Cycling, art, mines and vineyards in Belgium’s Limburg province in the Guardian .
A two week itinerary around Sicily in the Telegraph and Menorca, which is ‘apparently having a big moment’ in the Times.
The 1,000 year old small town of Quedlinburg in the eastern German state of Saxony-Anhalt is the ‘most fairy tale town in Europe’ in the Telegraph.
In the FT, Tim Hayward was at the The Portrait, ‘Richard Corrigan’s new restaurant on top of the National Portrait Gallery in London with a stupendous view down towards the Houses of Parliament’. He says, it has some top-quality materials, highest-level craft skills and inspired creativity.
In the Guardian, Grace Dent was in Green Lanes, London N4, at Gökyüzü, a Turkish restaurant. She thought ‘even if it’s not quite changing the face of Turkish cooking, it is preserving the face of how it has looked, and it has made people in north London happy for decades.’
In the Observer, Jay Rayner was at Masala Zone, a new Indian restaurant in the Criterion on Piccadilly Circus in London W1 and declared, ‘the neo-Byzantine, gold-tiled glories have finally got the restaurant what both they and London deserve and ‘what makes this whole venture so joyous, so profoundly cheering, is not just the great cooking, which is what I’d expect from this team, but the pricing.’
But then later in the comments, he says prices have gone up even though they knew he was doing the review.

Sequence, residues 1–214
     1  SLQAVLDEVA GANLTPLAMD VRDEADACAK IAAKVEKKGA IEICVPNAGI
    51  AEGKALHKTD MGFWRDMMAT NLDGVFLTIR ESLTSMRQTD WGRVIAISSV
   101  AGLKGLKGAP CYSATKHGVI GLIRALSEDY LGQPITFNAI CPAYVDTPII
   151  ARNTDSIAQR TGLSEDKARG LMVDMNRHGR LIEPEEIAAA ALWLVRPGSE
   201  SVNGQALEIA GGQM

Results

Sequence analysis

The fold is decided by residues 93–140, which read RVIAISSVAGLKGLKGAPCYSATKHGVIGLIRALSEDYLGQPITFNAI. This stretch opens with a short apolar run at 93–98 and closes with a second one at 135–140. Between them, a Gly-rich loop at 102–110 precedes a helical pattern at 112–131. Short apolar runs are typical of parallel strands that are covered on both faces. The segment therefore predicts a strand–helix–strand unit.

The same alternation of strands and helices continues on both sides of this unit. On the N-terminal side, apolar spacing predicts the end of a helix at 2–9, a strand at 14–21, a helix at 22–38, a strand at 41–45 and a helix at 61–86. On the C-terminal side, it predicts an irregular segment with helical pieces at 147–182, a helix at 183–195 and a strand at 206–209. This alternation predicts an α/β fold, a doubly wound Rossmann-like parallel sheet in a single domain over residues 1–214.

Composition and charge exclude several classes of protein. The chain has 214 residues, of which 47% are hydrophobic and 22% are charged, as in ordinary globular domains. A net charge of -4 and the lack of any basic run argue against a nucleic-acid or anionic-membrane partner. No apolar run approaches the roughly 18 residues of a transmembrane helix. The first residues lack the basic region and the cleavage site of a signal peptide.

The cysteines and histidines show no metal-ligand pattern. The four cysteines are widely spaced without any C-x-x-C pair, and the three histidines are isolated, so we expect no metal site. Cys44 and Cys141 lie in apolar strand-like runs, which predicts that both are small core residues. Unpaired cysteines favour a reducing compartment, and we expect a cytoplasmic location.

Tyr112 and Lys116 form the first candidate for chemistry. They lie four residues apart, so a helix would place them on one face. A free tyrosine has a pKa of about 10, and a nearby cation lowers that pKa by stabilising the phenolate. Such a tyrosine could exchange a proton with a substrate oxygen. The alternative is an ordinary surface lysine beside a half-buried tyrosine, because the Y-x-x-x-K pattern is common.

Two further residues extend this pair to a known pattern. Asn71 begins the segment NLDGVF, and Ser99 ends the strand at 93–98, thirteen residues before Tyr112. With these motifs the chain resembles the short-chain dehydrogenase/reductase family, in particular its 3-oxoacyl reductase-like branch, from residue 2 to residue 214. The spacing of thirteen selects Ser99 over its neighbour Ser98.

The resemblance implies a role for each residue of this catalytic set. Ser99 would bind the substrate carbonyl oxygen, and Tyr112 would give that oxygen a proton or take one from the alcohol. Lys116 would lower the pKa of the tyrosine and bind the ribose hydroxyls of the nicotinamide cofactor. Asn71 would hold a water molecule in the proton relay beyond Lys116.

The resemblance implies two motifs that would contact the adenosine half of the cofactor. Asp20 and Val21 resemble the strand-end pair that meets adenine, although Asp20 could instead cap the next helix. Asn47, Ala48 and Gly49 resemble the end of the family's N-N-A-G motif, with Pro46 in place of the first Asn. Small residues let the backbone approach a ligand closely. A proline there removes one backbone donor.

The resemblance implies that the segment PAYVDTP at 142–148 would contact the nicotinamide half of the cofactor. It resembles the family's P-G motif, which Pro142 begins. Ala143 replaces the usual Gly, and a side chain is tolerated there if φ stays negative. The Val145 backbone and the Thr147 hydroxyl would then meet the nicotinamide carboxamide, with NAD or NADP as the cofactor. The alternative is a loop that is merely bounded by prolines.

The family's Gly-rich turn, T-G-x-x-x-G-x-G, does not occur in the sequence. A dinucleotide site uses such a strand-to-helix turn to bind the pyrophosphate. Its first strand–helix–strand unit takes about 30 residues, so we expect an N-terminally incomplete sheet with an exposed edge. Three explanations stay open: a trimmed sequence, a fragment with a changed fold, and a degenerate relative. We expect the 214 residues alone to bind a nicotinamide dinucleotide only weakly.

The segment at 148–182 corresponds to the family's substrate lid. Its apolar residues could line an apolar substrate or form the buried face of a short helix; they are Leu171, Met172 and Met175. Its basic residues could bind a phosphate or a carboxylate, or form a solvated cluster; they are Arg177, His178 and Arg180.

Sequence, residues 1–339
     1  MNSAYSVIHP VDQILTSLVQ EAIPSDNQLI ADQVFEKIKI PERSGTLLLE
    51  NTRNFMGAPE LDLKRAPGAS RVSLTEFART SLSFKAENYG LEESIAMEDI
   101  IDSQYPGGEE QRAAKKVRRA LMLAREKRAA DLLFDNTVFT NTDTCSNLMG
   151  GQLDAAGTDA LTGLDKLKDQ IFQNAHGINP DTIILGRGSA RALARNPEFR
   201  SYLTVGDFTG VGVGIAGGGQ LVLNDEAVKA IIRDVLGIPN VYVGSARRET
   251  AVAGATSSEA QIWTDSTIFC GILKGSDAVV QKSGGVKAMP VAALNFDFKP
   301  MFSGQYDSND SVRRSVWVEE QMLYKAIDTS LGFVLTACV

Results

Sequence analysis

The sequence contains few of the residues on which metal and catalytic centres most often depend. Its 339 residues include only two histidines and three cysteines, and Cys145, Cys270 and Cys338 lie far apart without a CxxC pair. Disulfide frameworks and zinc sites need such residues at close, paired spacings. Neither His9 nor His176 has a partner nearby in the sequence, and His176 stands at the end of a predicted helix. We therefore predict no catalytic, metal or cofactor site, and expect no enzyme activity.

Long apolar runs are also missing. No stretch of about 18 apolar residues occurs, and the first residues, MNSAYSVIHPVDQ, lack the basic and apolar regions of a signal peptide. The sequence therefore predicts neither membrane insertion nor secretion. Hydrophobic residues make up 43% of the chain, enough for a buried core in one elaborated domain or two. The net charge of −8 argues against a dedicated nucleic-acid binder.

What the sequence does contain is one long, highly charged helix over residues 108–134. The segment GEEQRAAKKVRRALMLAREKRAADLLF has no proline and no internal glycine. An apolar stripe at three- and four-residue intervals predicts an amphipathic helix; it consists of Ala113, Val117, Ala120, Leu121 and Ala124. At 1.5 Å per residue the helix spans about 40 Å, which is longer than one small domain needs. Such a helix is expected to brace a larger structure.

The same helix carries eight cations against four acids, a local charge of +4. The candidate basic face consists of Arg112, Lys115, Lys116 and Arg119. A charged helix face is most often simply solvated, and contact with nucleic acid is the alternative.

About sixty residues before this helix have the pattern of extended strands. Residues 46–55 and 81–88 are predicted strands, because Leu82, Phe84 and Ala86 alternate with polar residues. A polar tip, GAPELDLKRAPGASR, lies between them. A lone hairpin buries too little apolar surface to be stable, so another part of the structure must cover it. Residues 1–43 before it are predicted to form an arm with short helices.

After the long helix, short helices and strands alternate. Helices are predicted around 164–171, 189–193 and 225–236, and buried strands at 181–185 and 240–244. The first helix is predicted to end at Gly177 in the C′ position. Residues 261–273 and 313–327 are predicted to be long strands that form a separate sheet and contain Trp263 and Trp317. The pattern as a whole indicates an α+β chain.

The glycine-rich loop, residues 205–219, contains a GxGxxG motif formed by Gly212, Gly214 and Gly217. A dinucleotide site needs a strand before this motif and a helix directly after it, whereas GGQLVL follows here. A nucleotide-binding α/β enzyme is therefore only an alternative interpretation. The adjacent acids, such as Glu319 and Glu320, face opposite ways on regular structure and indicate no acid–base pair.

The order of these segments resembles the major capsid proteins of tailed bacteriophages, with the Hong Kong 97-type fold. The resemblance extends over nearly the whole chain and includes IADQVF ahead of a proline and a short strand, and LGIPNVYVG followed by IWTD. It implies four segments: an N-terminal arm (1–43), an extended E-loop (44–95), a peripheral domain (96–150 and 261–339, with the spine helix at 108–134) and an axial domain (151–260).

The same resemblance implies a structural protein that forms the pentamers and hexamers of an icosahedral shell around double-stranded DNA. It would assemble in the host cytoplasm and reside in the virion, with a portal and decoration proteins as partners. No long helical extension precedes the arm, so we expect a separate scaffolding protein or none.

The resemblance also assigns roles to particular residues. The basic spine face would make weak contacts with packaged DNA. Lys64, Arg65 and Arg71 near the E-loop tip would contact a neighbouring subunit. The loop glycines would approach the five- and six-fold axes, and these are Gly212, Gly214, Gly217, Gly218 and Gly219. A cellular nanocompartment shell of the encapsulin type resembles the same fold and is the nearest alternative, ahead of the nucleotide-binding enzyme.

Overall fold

In the Standard, Jimi Famurewa was at Swiss Butter in London WC1 and wrote
‘the brand new, Middle East-honed steakhouse where the offering is stripped back to the point of asceticism and the result is something that feels, all at once, both powerfully boring and deeply, deeply weird.’
In the Telegraph, William Sitwell went to Fish Game in London, gave it two stars and didn’t like it much.
It’s late summer and early autumn recipes in the papers but I am preparing for an Indian summer and holding onto summer clothes and sunglasses for as long as I can. Lots more plum recipes with boiled plums with plum jelly by Honey & Co recipe in the FT, Melek Erdal’s figs (and plums) in pomegranate molasses and tahini nut crumble. The nut crumble sounds magnificent and is going on my to make list.
Nigel Slater’s recipes for marinated mackerel, baked plums and brown butter demerara cakes in the Observer based on the recipe by Anna Higham, who is soon to open Quince Bakery and used to work at Flor Restaurant where I ate these cakes. I’m excited about this recipe and am going to try it tonight. You have to make the mixture hours or the night before and let it rest. AsNigel writes, ‘you don’t want ill-shaped or frothy cakes.’